30 minutes a week

A strength and conditioning routine for a healthier leadership team

A few years ago I, decided we needed to add a strength and conditioning program at work, but not for physical improvement. I wanted our leaders to grow and become stronger. That was the start of our weekly, 30-minute Strength & Conditioning meetings.

The results have been outstanding. From these meetings, we’ve:

Created a common language.
Improved communication.
Facilitated team building.
Built trust.
Fostered individual growth.

The most powerful outcome has been the creation of a common language. For example, during one of the meetings a story was shared about a university that underwent a major renovation, adding several new buildings, but no sidewalks. Instead, they planted grass and waited. After a year, the routes people naturally took to navigate the campus wore paths through the grass. They used those paths as a guide to create the sidewalks. Now, when a situation arises during the course of business that needs action and not over planning, all I have to say is “sidewalks” and everyone gets it.

Our S&C meetings have been effective because the intent is not to solve current or urgent problems. The intent is to create an environment for learning, for questioning, for debating perspectives, and for growing individually and as a team. Executing this weekly, for 30 minutes of focused effort, allows a deep dig into the “messy” concepts found in all businesses with employees and customers. It’s not always easy, but just like a personal workout regimen, it is worth it in the long run.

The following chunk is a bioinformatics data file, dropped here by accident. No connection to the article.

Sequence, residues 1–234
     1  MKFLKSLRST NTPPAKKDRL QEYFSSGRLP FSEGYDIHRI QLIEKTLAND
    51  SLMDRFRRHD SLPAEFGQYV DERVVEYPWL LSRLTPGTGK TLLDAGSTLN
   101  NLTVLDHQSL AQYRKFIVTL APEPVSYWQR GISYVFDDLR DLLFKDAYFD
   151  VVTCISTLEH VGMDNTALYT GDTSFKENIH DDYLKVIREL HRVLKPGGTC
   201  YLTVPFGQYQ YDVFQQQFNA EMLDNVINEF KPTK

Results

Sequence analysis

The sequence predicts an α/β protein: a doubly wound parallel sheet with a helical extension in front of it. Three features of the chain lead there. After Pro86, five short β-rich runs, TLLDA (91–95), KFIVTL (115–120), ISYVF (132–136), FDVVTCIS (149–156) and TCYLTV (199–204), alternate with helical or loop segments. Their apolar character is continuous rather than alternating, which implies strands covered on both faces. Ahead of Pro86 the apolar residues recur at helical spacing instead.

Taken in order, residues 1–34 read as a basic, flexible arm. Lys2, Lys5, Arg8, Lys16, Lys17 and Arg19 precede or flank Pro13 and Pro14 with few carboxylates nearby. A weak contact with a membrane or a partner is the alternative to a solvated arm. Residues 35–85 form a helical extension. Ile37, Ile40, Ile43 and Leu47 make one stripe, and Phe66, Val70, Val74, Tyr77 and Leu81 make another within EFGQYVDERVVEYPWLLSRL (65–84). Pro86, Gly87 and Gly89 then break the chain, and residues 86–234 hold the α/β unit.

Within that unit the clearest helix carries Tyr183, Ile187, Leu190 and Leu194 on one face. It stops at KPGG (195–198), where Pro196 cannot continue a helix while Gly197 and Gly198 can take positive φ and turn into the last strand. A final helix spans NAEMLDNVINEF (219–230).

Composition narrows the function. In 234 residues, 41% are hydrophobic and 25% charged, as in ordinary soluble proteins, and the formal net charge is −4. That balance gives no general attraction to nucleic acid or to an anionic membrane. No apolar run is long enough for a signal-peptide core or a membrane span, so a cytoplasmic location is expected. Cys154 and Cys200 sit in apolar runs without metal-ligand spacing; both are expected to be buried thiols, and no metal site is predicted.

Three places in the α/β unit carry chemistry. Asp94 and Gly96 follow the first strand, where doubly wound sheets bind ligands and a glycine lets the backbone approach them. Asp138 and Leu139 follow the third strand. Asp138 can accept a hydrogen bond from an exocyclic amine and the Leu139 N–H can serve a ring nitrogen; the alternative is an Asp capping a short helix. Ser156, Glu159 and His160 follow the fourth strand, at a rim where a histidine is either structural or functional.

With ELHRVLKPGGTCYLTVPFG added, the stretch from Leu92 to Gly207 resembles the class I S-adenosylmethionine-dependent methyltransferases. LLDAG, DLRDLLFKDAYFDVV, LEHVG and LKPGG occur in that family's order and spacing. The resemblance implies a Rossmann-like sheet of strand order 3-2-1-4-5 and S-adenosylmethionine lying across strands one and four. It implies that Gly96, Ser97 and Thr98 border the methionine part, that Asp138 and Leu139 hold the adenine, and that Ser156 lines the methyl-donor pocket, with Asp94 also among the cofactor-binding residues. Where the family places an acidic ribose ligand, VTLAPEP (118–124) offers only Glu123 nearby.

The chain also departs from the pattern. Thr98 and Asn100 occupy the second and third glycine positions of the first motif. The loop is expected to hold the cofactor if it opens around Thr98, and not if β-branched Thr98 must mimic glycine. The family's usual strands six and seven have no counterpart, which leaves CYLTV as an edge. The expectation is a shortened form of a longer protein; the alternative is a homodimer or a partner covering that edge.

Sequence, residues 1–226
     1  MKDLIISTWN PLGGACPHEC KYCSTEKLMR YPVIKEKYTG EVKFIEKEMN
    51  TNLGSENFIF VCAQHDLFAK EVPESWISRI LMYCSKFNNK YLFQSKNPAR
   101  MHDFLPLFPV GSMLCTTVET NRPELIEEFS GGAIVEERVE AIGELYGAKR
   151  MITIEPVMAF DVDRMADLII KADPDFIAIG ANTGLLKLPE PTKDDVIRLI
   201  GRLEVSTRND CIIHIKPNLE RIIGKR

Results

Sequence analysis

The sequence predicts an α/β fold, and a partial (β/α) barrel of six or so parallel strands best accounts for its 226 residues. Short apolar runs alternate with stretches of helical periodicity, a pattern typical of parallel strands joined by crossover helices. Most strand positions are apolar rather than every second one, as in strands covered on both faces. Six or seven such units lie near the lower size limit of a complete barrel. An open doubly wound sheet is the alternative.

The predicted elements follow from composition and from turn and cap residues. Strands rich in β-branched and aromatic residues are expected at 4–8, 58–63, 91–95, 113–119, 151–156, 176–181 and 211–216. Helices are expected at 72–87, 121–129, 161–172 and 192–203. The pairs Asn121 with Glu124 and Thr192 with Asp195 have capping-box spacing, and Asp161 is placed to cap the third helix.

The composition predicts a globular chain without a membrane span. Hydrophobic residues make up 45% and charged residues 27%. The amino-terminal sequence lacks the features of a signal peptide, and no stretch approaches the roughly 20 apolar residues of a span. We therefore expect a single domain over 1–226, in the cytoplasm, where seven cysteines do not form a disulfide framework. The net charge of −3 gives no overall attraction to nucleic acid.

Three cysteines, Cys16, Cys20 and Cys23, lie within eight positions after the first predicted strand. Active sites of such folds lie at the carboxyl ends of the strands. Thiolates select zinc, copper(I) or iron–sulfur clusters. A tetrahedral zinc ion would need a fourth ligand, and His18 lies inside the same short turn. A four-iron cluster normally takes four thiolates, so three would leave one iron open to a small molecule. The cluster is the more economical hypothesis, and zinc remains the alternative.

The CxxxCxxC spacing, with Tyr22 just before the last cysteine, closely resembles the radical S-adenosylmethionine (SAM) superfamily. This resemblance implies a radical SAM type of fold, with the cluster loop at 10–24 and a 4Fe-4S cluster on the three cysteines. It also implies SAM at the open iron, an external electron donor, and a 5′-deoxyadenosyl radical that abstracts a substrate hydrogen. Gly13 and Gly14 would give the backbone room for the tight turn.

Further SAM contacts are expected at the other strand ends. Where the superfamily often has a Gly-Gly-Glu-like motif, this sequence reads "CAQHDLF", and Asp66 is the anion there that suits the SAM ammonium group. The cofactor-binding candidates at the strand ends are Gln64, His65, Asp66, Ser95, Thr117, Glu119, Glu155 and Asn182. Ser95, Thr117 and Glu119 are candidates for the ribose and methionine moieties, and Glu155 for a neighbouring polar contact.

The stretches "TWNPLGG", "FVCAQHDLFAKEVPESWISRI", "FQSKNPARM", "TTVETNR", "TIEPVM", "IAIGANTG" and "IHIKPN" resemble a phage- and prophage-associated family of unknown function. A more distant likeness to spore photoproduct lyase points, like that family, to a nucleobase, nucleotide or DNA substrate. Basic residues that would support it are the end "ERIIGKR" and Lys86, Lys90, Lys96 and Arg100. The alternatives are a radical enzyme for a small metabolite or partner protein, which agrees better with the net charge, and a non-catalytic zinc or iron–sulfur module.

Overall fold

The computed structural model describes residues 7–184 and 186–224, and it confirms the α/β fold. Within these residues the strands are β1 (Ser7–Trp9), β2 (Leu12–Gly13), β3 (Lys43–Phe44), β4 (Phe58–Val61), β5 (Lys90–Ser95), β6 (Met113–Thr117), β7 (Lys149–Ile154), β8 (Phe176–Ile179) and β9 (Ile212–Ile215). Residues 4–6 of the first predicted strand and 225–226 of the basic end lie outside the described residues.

To put this idea into practice:

  • Commit to a set day and time for a 30-minute meeting each week.
  • Create a safe environment for open discussion.
  • Find a book with concepts that fit the most effective ideas to grow your company’s leaders. We have used:
    • “The Advantage: Why Organizational Health Trumps Everything Else In Business” by Patrick Lencioni.
    • “The Speed of Trust: The One Thing That Changes Everything” by Stephen Covey.
    • “Switch: How To Change Things When Change Is Hard” by Chip and Dan Heath.
  • Assign 10-12 pages to read per week. Have everyone contribute their takeaways.
  • When appropriate, split into groups and dig deeper using situational exercises.
  • Send a recap.

Our businesses are only as strong as our people. Having a healthy, vibrant team will prepare your company to excel in whatever game of business you are playing.

So, what are you waiting for? Get down and give me 30 minutes per week!

Harvey Nelson is co-founder and co-CEO of Main Street Gourmet, a custom manufacturer of frozen bakery products with distribution throughout the U.S.